The frigate is due to sail through the South China Sea.
Mr Williamson said it was important for Britain, Australia and other countries to "assert our values" in the South China Sea.
Both sides agreed to continue discussions on confidence-building measures to increase mutual trust and confidence and to exercise self-restraint in the conduct of activities in the South China Sea that would complicate or escalate disputes and affect peace and stability.
British officials first flagged the voyage six months ago and the journey is likely to stoke tensions with China, which claim control of most of the area and has built military facilities on land features in the sea.
Williamson said it was important that U.S. allies such as Britain and Australia "assert our values" in the South China Sea, a marginal area of the Pacific Ocean that is believed to hold vast oil and gas deposits and through which US$5.0 trillion in trade passes annually.
"We've got to ensure that any form of malign intent is countered and we see increasing challenges - it's not just from China, it's from Russian Federation, it's from Iran - and we've got to be constantly making sure that our security measures, our critical national infrastructure is protected", he said. This is a great opportunity for the United Kingdom and Australia to do more, to exercise leadership'.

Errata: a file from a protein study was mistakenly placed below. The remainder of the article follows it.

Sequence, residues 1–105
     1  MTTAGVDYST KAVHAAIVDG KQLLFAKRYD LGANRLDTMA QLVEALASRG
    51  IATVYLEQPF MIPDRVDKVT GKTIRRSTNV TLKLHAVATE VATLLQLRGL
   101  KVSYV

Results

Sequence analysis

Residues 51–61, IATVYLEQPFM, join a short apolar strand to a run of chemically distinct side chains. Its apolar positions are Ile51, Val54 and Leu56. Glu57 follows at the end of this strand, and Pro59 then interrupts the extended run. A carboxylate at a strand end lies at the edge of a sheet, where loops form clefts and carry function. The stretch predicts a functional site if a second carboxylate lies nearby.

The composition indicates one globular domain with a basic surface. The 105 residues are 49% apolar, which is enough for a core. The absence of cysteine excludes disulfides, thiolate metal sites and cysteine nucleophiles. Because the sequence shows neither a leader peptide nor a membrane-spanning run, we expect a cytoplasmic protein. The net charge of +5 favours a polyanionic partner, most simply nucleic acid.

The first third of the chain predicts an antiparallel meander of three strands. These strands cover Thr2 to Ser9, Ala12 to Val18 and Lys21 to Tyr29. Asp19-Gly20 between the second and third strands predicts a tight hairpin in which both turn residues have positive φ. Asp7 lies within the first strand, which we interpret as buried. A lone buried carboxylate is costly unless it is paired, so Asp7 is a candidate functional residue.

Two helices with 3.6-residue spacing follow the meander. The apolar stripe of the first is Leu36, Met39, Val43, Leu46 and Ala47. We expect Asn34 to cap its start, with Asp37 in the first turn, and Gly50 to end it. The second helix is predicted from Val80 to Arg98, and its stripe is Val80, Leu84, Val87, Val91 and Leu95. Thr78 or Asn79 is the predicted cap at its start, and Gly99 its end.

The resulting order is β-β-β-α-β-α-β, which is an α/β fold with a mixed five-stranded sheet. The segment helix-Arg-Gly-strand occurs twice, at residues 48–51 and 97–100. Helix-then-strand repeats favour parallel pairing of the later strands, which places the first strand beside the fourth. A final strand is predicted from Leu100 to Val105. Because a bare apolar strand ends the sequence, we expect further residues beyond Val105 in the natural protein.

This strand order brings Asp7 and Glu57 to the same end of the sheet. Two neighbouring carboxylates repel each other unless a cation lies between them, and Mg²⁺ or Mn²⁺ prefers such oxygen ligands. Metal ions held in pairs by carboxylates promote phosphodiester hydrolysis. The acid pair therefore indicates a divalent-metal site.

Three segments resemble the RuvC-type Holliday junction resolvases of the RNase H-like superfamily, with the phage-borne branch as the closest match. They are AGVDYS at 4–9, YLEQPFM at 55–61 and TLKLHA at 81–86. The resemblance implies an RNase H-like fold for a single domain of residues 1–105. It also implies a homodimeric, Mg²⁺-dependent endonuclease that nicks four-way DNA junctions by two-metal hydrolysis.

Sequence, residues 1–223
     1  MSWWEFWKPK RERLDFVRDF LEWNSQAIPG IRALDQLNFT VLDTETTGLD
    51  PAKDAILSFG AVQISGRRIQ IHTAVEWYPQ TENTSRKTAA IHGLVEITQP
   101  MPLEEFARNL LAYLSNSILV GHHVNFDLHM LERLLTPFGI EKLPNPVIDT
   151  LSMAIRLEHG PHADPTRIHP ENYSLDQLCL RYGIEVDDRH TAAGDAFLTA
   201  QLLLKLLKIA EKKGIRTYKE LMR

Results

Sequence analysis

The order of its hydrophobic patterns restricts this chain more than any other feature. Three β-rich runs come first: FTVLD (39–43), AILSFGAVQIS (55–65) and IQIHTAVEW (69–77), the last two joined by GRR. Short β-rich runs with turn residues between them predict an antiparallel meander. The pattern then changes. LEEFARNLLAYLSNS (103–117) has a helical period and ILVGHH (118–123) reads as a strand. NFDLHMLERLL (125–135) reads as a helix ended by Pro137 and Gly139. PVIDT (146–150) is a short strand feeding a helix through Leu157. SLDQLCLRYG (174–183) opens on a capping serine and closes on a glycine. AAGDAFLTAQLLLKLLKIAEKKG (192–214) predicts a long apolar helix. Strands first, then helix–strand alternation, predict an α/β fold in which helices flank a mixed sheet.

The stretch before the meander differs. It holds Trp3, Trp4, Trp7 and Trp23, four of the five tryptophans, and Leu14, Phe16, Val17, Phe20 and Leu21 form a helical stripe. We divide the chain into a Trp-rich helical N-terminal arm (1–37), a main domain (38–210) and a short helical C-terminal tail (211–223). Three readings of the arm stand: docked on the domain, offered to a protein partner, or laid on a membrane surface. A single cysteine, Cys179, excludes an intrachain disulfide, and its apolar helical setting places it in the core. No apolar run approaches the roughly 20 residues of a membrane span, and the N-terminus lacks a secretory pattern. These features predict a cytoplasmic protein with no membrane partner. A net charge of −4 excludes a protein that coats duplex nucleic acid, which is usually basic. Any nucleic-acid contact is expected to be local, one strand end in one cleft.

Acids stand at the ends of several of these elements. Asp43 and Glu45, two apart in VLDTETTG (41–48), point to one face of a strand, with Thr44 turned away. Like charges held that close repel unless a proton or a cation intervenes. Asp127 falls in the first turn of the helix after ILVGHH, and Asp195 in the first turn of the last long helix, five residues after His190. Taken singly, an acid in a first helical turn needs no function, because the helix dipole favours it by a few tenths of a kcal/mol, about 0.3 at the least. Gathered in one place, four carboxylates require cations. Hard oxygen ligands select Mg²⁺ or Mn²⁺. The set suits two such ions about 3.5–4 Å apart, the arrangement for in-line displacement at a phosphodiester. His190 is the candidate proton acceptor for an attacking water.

"A good example is in terms of what you've been looking at in terms of critical national infrastructure. we've always encouraged investment from outside but it's making sure it's for right time of investment and it isn't something that puts our utilities, our critical national infrastructure in a more vulnerable position".
Presidential spokesman Harry Roque said the issue would be raised with an worldwide ocean mapping agency under the United Nations, which was responsible for assigning names on underwater features. But given the history of bilateral ties, the limits of advances made so far, and the difficulties that lie ahead, we should be cautious about buying into the hype of Sino-Philippine breakthroughs in the South China Sea. "It's against the principles Western liberal democracies hold dear - free speech, free thought", he said.
Also in 2016, the United Kingdom said it would deploy the aircraft carrier HMS Queen Elizabeth to the Pacific and conduct overflights with fighter aircraft.
Freedom of navigation in South China Sea is not a problem.
Likewise in 2016, the Communist Party's mouthpiece The Global Times launched a scathing attack on the Australian government, following its decision to support an worldwide tribunal over the South China Sea.
The tribunal's 2016 ruling, which China refuses to recognize, included clarifying that the Reed Bank was within the 200 nautical mile Exclusive Economic Zone of the Philippines and therefore, it had sovereign rights to exploit resources there.
The media outlet said "China must take revenge and let it (Australia) know it's wrong".